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Poll shows many unready for public health crisis

May 8, 2007 (CIDRAP News) – A recent survey sponsored by the American Public Health Association (APHA) indicates that about a third of Americans have made no preparations for a public health emergency and nearly 90% have prepared less than they think they should.
The APHA survey, released in April at an expert roundtable discussion during National Public Health Week, was recently posted on the association's Web site. The online survey was conducted in February by Peter D. Hart Research Associates, based in Washington, DC. It included 925 adults and sought the input of several specific groups, including mothers with children younger than 5, hourly wage workers, and adults who have chronic medical conditions.
The survey group also polled 120 employers and 150 school superintendents and interviewed a small group of regional food bank administrators and local food panty and soup kitchen managers.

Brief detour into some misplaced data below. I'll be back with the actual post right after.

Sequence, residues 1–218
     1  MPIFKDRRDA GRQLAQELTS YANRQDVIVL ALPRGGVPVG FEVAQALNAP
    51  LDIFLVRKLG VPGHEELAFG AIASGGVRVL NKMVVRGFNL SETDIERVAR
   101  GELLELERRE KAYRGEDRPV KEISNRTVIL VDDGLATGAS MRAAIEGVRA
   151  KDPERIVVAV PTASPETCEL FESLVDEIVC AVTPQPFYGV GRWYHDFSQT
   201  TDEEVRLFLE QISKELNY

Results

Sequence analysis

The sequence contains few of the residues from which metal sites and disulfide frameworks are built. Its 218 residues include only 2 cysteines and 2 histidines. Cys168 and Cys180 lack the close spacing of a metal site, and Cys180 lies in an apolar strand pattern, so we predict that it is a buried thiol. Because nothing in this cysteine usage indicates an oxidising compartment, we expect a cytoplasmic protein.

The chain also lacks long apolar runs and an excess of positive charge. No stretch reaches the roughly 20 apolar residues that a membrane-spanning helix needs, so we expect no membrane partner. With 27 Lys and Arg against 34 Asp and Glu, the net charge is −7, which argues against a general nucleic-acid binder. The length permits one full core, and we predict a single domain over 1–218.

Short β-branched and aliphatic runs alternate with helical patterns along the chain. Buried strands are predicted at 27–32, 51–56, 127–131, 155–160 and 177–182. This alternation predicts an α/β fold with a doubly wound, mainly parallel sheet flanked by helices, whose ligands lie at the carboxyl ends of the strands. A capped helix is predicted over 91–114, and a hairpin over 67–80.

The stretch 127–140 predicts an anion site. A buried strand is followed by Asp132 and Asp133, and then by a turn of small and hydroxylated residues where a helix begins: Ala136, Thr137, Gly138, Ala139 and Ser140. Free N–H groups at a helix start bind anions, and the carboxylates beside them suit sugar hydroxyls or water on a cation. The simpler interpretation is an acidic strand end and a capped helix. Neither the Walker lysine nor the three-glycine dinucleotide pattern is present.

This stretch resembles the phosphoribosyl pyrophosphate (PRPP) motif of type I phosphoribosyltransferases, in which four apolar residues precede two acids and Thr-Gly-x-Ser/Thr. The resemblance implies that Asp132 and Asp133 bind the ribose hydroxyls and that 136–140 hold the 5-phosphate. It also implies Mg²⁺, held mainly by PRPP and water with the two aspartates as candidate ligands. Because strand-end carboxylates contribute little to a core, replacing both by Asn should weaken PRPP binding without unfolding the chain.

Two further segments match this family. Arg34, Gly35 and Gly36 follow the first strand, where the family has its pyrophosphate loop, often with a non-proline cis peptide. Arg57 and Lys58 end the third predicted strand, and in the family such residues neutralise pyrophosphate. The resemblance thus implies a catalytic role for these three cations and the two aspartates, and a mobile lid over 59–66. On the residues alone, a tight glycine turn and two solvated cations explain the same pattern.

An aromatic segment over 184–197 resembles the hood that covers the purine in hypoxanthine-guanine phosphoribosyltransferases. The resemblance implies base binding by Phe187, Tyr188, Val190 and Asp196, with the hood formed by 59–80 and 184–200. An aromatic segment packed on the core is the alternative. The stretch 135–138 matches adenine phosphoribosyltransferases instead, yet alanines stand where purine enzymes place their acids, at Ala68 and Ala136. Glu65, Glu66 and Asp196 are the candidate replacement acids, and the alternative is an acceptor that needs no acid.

Among the survey's key findings:

*Thirty-two percent of the public have taken no special steps to prepare for a public health emergency that could leave them short of food, water, or medication.

*An 87% majority said they knew they had not done enough and could do more to prepare for a public health emergency.

*Forty percent of respondents said they had taken steps to prepare in the past, such as after the Sep 11 terrorist attacks, but had since let their plans lapse.

*More than a quarter (27%) said they were prepared for an emergency, but only about half (14%) had the 3-day supply of food, water, and medication currently recommended by the American Red Cross for general disaster planning.

*Close to half—46%—of respondents had not assembled a disaster supply kit.

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